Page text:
Getting Hired by a Ballet Company

After putting in years of hard work and training, you have decided that you want to be a professional ballet dancer. Sounds like every little girls dream, right?

It definitely is everyone’s dream to do what they love for a living and to be able to get paid for it, but with so many companies only offering unpaid trainee and apprentice positions dancing can sometimes turn into a dreaded job. With the economy going into a recession a few years ago, funding for the arts definitely suffered more than it was already suffering…and it obviously isn’t going to bounce back as quickly as the rest of the working world.

So what can you do?

This is where the young dancer needs to be economically smart. Dancing is still a job no matter how much we love the self-fulfillment that we get from artistic expression. And when you do a job, especially on a long-term or contractual basis, you should receive payment.

A lot of these unpaid offers that you may get from companies may sound very attractive. They may give you pointe shoes and free chiropractic/ massage therapy visits, but make sure that this is the right deal for you. It may sound like an awesome idea to move away from home and go live out your dream, but please consider how you will be able to fund your passion. Will Mom and Dad help out? How much money are they willing to contribute? Will you have to get another part-time job? Will you have to get two other part-time jobs? Even more importantly- Will you have time to work a part time job?

The other thing that you need to consider is whether or not you will actually get time dancing with the company. A lot of apprentice programs these days sell you on the fact that you are joining the apprentice or trainee group of a company, however there is very little interaction with the actual company. (company class, rehearsals, etc) A lot of apprentice and trainee programs have their own seperate classes, rehearsals, and sometimes don’t even get a chance to perform with the company. You can look at it as an extra year of schooling.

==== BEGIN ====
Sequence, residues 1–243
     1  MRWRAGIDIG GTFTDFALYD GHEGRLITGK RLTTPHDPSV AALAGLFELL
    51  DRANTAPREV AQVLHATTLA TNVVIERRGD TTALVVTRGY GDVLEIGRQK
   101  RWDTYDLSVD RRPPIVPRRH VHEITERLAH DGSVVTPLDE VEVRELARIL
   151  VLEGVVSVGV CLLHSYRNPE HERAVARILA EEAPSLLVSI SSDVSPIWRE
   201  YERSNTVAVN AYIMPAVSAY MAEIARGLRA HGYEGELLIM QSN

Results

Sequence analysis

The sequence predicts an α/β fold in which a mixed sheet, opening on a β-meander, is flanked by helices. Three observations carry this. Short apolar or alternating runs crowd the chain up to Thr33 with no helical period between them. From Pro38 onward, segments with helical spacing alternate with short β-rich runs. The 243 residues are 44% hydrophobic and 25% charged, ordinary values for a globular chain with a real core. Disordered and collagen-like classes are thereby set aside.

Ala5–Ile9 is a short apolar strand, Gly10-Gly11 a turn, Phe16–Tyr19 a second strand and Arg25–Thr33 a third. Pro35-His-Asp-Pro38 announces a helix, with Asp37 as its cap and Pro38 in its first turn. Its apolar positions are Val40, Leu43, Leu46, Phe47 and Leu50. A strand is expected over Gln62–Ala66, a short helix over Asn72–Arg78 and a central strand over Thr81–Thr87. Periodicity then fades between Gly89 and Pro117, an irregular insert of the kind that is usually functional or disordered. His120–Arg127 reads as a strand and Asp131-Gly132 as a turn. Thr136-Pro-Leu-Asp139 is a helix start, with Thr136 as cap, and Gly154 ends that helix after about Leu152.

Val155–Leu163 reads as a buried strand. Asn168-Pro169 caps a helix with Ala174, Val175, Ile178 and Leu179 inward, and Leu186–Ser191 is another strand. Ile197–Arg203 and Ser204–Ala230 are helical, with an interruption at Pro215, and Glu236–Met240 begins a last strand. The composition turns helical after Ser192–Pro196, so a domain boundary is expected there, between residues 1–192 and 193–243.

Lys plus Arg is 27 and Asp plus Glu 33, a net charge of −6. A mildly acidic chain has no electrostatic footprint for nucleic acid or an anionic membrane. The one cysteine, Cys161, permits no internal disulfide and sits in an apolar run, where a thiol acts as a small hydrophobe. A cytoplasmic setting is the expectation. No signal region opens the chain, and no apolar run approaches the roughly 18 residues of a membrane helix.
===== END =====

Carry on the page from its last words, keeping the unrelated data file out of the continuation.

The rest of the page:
I don’t want to tell you not to take an unpaid apprenticeship, as there is definitely a value to the learning experience, but be very picky as to which program you choose. Companies are able to “try it before they buy it” so to speak with these ever growing second companies and apprentice programs. I have been fortunate enough in my career to always have secure paid ballet employment, but it pains me to see young dancers who aren’t being paid struggle. When I say struggling I mean working 2 part time jobs in addition to dancing to pay the bills or put food on the table.

My advice to you is to be smart. Listen to your parents. Make wise choices or you may find yourself in a position where you’ll really find out what it is to be a “starving artist.”

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About Nikol Klein

Nikol Klein is former Professional Ballet Dancer turned Women's fitness expert. She currently works with Women all over the world as a personal trainer and Ballet Strength coach to dancers.

Posted on September 24, 2010, in Audition Advice, Ballet, Dance, Life Management and tagged , , , , , , , , , , , , , , , , , , , . Bookmark the permalink. 2 Comments.

  1. As a 19 year old wanting to become a pro dancer, I find it hard to find any companies that are willing to hire dancers straight out of high school. I know some of my teachers were hired right out of school and sometimes as teenagers. Why is it that companies make dancers go through trainee progrms now?

    • Some can’t afford to pay many dancers so they use trainees and apprentices to supplement the corp de ballet in large productions.

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